Calcium trumps cholesterol at saving your heart

Atherosclerosis, plaque, clogged arteries… it all means the same thing — eventual heart attack or stroke and a very good chance of death.

But if doctors are so sure cholesterol is the foe — and are prescribing statins like crazy — why does the latest technology to predict your heart attack risk center around measuring the calcium in your arteries?

What is plaque anyway?

Plaque is nasty stuff. It consists of cholesterol, fatty substances, cellular waste products, calcium and fibrin (a clotting material in the blood). And of course, when it clogs your arteries, you’re in for a world of hurt.

So, the two “ingredients” from this plaque recipe that stand out are calcium and cholesterol.

Cholesterol — because, your doctor is probably constantly preaching at you all the time to reduce it.

But do you ever hear the doctors telling you to cut down on your calcium, the way they tell you that you have to control your cholesterol? Rarely.

Why would that be? Does it have anything to do with the fact that you could cut down on your calcium intake all on your own, and take a simple vitamin (K2) to divert rogue calcium in the bloodstream to your bones where it’s needed, and away from your arteries? No special medicine needed to do any of that…

Instead they’ve convinced about 38 million Americans that they need a big fat cholesterol-lowering pill.

How calcium is a truer measure of heart disease

Have you ever had chest pain and gone to the ER? Hopefully not, but if you have, your doctor or the attending physician most likely would have had you undergo a stress test to determine if you have a blockage in your coronary arteries.

According to Viet Le, PA-C, a physician assistant and cardiovascular researcher in the Intermountain Medical Center Heart Institute, this is what it shows…

“If you look at your coronary arteries like a hallway, the stress test essentially allows you to throw a ball down the hall, and if it makes it from point A to point B, there’s no significant blockage,” Le said. “If the hall is blocked and the ball doesn’t roll all the way through, significant heart disease is likely.”

But, Le says that can be misleading…

“Even if the ball makes it all the way down the hall, there may be boxes stacked up in the hallway, so the path is partially blocked, and if the boxes fall, you’re in danger of a complete blockage.”

So he and other researchers at the Intermountain Medical Center Heart Institute in Salt Lake City found a better way to test for risk… by looking at those “stacked boxes” that just might fall.

“That’s what testing for calcium does,” says Le,” It identifies existing disease. If we find calcium in your arteries, you’re more likely to suffer a major adverse event, such as a heart attack or death, or you may require a stent or bypass surgery.”

And the best way to see calcium in your arteries is by using old-fashioned image testing…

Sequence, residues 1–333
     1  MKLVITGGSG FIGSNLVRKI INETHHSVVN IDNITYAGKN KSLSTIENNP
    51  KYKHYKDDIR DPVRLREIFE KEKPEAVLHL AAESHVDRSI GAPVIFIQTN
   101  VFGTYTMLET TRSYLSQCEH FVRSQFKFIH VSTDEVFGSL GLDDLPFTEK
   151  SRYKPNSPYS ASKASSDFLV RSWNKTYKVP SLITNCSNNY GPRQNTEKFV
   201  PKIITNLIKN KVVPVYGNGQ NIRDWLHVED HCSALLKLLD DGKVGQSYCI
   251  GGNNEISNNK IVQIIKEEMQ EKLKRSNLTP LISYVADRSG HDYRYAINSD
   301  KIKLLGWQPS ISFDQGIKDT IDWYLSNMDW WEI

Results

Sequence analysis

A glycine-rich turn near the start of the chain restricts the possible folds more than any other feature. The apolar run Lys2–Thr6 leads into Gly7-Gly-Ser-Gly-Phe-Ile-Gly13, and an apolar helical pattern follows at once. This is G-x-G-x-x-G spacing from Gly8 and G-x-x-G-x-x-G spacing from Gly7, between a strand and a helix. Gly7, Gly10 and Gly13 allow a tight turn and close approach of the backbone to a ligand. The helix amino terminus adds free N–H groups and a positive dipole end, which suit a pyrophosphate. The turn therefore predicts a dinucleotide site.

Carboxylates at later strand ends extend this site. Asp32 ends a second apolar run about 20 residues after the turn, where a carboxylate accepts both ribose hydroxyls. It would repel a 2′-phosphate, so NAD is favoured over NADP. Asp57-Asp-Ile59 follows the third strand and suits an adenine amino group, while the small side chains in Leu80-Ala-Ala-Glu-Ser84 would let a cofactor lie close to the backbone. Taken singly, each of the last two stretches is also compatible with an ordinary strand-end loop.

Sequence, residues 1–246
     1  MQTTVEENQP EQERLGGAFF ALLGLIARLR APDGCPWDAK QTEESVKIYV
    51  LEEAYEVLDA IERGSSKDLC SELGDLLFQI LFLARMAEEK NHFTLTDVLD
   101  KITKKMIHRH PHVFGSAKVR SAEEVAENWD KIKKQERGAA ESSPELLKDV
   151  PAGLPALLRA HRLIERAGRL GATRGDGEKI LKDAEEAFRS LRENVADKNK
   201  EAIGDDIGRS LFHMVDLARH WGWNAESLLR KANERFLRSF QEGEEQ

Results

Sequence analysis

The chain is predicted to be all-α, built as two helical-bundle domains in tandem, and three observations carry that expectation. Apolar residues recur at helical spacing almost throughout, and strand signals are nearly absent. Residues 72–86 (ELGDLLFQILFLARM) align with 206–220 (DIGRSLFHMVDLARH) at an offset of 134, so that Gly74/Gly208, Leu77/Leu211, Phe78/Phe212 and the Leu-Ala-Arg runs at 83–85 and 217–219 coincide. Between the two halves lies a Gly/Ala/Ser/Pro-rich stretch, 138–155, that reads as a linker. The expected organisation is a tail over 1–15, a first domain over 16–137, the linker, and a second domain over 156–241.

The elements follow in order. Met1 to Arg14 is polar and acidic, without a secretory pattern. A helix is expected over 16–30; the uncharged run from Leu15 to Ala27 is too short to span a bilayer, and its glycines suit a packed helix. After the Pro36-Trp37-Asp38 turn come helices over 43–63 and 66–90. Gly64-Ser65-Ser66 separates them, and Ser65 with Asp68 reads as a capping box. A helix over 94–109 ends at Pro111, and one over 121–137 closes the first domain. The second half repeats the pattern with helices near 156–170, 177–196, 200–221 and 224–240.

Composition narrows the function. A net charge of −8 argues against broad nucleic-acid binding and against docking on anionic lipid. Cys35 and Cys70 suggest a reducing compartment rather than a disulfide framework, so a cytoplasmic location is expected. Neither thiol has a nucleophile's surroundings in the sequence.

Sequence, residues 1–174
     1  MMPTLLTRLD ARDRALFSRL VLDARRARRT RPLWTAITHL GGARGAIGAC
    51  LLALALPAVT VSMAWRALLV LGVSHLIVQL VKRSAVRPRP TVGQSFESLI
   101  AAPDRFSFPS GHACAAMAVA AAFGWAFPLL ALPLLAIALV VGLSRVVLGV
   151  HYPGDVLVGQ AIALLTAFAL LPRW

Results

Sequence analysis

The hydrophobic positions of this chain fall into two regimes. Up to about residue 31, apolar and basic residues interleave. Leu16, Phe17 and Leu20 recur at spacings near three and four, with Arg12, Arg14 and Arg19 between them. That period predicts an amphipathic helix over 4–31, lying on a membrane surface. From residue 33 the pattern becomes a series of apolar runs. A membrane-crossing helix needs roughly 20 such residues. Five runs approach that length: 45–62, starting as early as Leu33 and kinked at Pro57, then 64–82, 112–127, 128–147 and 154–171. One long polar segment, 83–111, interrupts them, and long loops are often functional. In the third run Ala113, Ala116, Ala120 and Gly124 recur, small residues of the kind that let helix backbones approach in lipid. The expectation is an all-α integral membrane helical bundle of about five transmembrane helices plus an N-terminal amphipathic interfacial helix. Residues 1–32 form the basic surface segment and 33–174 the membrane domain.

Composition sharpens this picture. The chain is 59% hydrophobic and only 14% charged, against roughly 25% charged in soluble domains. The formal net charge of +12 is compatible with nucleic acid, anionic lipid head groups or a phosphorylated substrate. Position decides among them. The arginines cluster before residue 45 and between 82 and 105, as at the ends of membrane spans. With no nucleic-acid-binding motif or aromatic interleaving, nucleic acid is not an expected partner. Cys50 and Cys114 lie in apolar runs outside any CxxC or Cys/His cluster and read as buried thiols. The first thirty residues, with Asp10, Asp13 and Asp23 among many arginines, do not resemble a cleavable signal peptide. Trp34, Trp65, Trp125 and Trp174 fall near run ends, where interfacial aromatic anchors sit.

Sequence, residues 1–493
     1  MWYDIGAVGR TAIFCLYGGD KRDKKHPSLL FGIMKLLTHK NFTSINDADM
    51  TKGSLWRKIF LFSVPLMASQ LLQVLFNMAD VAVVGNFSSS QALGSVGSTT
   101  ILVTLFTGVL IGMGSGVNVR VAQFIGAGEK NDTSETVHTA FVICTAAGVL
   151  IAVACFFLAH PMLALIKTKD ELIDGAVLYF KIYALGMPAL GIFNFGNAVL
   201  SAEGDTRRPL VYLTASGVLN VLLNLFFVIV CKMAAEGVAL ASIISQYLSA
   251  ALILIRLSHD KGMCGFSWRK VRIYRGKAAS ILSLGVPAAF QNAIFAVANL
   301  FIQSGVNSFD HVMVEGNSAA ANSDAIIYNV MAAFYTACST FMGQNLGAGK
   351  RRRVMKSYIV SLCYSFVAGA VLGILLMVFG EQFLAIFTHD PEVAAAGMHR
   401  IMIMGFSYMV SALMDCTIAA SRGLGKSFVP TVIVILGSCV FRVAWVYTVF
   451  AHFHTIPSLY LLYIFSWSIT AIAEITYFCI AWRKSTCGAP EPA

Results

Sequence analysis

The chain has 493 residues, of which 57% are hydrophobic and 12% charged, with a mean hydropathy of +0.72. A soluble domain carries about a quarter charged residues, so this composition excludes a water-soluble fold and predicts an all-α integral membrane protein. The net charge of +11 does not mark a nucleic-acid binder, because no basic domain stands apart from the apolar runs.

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The research team found that measuring the level of calcium in the coronary arteries during stress testing using two common diagnostic tests — positron emission tomography, or PET, and computed tomography, or CT to be a better way to determine a patient’s risk of heart attack.

“Conducting a PET/CT test to measure coronary artery calcium means clinicians can tell the difference between the potential risk of heart disease and actually having disease,” Le said. “High blood pressure, diabetes, high cholesterol, and smoking are all risks of heart disease, yet many people who have those risks never have the disease or suffer an event. Coronary artery calcium is the disease — and to an extent, it shows just how much of the disease is present.”

Calcium, cholesterol and concerns

Calcium, huh? So why is it always cholesterol, cholesterol, cholesterol?

Oh yea, that statin pill they all want us to prescribe to. The one with all the side effects… and the one that would likely do very little about the calcium slowly building up in your arteries. And the one making record profits for the pharmaceutical big wigs.

Sure, for the calcium to stick, it takes some cholesterol… along with the fibrin floating around in your bloodstream and those other fatty substances and cellular waste products that all come together to gum up your arteries.

But still, conventional medicine is only hung up on the cholesterol.

See they can’t patent and prescribe EDTA chelation therapy — the one sure-fire way to clear calcium buildup from your arteries your doctor won’t discuss.

And it doesn’t fit into their business model to advise you to optimize your cholesterol through diet and exercise.

Editor’s note: Have you heard of EDTA chelation therapy? It was developed originally to remove lead and other contaminants, including heavy metals, from the body. Its uses now run the gamut from varicose veins to circulation and heart health. We’ve written the quintessential guide on chelation therapy. Click here to get yours today!

Source:

Calcium testing in coronary arteries better way to predict heart attacks than stress testing alone — American Association for the Advancement of Science (AAAS)

Margaret Cantwell

By Margaret Cantwell

Margaret Cantwell began her paleo diet in 2010 in an effort to lose weight. Since then, the diet has been instrumental in helping her overcome a number of other health problems. Thanks to the benefits she has enjoyed from her paleo diet and lifestyle, she dedicates her time as managing editor of Easy Health Digest™, researching and writing about a broad range of health and wellness topics, including diet, exercise, nutrition and supplementation, so that readers can also be empowered to experience their best health possible.